The Folly Of Hubris

Al Franken announced today that “in the coming weeks” he will resign his seat in the U.S. Senate.  Franken, a Democrat from Minnesota, was the subject of a series of allegations of sexual harassment and improper conduct, and ultimately members of his own party decided it was time for him to go.

51kbpkvrpyl-_sx330_bo1204203200_Why Franken will leave “in the coming weeks” rather than immediately isn’t entirely clear — but apparently part of the Senatorial prerogative is deciding when your resignation will actually take effect.  In any case, Franken  is one of three members of Congress, both Republican and Democrat, to announce during this week alone that he is resigning in the wake of sexual harassment allegations.

When I heard that Franken had finally bowed to the inevitable and decided to resign, I thought about the fact that I saw him on the Bill Maher show only recently, when he was riding high and touting his new book, called Giant of the Senate.  I’ve seen the book prominently displayed in the local library during a recent visit before the allegations and the appalling photo first hit the news.  Franken being Franken, no doubt the book title was in large part tongue in cheek — but still the juxtaposition of the book title and its cover illustration with Franken’s rapid downfall and humiliating resignation suggests a valuable lesson.  Hubris, even partly tongue in cheek hubris, is just begging to be brought low.

You can probably buy Franken’s book at a discount these days.


Calling For Christmas Cookie Recipes — 2017 (II)

Every year, the Columbus Dispatch publishes a holiday cookie section with some new recipes.  Knowing that I would be doing my holiday baking, Mom would send me the Dispatch cookie section to give me some new ideas, and to say thanks I would always make sure that a big plate of cookies went her way at the end of the process.  Mom always enjoyed a good Christmas cookie!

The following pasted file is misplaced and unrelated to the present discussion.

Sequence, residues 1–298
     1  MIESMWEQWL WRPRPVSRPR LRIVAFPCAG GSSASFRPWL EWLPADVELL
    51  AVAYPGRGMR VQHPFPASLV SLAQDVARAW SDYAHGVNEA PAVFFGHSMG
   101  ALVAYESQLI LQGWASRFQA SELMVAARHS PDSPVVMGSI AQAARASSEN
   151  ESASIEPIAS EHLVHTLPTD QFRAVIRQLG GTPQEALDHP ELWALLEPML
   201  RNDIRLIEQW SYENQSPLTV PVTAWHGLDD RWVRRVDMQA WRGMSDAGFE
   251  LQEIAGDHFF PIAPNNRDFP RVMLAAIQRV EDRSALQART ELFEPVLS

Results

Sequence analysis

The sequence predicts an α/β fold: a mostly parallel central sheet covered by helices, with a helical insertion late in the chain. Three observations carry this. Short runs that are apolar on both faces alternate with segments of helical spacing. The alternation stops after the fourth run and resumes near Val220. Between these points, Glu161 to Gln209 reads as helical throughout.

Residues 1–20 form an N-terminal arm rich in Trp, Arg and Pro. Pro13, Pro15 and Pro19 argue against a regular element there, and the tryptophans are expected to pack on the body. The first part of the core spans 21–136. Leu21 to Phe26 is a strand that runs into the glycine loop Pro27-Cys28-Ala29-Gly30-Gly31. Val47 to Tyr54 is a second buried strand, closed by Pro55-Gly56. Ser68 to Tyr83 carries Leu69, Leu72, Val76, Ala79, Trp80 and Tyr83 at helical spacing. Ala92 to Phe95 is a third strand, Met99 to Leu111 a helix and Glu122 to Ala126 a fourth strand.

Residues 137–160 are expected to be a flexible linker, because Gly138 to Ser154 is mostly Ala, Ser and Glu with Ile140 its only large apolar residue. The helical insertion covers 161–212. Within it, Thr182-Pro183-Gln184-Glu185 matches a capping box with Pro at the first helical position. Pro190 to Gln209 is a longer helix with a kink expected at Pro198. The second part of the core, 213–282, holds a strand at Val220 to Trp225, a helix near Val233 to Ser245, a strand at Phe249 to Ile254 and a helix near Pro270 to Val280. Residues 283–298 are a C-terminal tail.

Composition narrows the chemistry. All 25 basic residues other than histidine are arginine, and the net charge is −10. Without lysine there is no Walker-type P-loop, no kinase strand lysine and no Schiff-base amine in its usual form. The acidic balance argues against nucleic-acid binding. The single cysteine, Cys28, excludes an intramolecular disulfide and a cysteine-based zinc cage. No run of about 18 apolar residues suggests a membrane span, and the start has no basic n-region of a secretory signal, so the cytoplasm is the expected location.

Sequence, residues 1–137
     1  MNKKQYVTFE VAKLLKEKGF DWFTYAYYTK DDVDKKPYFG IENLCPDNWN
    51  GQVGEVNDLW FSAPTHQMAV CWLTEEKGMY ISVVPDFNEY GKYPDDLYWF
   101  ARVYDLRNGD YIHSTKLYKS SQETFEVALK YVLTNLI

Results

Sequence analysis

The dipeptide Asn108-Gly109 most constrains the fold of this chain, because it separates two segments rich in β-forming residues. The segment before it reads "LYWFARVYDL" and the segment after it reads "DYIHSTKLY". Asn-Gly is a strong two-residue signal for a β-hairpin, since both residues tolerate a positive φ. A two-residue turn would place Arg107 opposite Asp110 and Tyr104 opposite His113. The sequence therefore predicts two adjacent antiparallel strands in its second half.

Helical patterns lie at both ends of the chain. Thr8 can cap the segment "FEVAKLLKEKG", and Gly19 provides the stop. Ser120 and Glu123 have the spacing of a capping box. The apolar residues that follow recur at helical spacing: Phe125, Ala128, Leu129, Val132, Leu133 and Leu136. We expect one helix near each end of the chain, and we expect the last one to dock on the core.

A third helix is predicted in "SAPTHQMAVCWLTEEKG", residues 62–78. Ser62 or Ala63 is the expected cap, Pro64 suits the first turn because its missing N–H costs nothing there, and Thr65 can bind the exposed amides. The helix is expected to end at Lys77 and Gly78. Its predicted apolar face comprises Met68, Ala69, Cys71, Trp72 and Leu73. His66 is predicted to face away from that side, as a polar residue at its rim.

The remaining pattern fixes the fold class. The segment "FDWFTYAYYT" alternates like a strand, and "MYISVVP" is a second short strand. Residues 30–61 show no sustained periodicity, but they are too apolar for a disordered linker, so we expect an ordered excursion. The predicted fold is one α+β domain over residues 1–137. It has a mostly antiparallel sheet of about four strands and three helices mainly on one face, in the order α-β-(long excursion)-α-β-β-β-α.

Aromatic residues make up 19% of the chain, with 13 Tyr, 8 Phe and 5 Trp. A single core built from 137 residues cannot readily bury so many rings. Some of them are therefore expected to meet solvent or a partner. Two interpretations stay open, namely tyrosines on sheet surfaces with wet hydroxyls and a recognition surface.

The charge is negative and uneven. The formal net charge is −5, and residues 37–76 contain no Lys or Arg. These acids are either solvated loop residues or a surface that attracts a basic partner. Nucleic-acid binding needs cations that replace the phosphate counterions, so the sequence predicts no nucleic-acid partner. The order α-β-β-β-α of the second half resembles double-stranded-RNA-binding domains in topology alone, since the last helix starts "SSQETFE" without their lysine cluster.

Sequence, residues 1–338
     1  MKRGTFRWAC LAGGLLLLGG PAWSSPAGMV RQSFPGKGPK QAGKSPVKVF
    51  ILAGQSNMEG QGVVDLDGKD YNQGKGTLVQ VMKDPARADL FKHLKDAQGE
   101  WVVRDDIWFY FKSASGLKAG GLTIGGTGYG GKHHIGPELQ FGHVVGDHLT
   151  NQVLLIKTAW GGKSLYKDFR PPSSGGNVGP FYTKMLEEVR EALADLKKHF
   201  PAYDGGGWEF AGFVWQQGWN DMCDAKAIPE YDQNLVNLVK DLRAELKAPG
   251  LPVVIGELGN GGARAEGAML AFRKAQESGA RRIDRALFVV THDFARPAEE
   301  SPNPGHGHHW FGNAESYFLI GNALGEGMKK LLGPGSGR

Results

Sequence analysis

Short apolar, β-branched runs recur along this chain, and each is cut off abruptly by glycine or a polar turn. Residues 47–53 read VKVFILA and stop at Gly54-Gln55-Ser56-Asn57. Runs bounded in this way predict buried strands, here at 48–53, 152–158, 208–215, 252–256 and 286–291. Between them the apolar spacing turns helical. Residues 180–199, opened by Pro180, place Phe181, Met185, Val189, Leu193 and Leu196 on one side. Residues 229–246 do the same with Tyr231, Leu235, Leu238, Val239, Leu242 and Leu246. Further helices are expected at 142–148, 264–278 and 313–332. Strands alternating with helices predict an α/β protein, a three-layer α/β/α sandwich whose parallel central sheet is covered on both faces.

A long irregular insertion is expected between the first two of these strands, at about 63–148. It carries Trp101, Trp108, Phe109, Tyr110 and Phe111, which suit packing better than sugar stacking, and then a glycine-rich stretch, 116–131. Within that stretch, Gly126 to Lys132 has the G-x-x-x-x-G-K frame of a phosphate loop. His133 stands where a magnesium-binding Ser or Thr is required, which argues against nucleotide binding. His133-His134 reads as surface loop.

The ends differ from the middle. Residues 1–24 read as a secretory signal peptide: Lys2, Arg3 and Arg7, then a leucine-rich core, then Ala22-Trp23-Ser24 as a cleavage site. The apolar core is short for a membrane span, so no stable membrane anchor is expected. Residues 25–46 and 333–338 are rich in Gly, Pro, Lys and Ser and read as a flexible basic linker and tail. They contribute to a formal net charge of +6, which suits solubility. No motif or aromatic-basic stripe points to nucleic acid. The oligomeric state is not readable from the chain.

So, as a tribute to Mom, I visited the Dispatch cookie guide webpage for 2017 and tried to pick out a recipe that I thought Mom might like.  She had a taste for the simple sugar cookies, and this rosemary cookie recipe (from Margaret M. Titerington of Ostrander) looked intriguing — the sort of straightforward cookie that Mom might have liked and that might have been baked back in old England during the holidays and consumed with a cup of tea with lots of milk.

Rosemary Cookies

dsc_0046_resize_colorcorrectIngredients: 1 cup butter; 1 cup sugar; 2 eggs; 1 teaspoon baking soda; 4 cups flour; 1 cup oil (I use extra light olive oil); 1 cup powdered sugar; 1 teaspoon vanilla; 1 teaspoon cream of tartar; at least 2 tablespoons chopped fresh rosemary

Heat oven to 350 degrees.

Combine all ingredients, except rosemary, in mixing bowl. Mix thoroughly. You might need to add a little more flour if dough appears sticky — add 1 tablespoon at a time. Add rosemary and gently mix into batter. Chill the dough thoroughly until very firm.

Roll dough in small balls and then in sugar and flatten with the bottom of a glass dipped in sugar.

Bake, watching carefully until light golden — about 5 to 10 minutes. Baking time depends on how large you form the cookies.

Calling For Christmas Cookie Recipes — 2017 (I)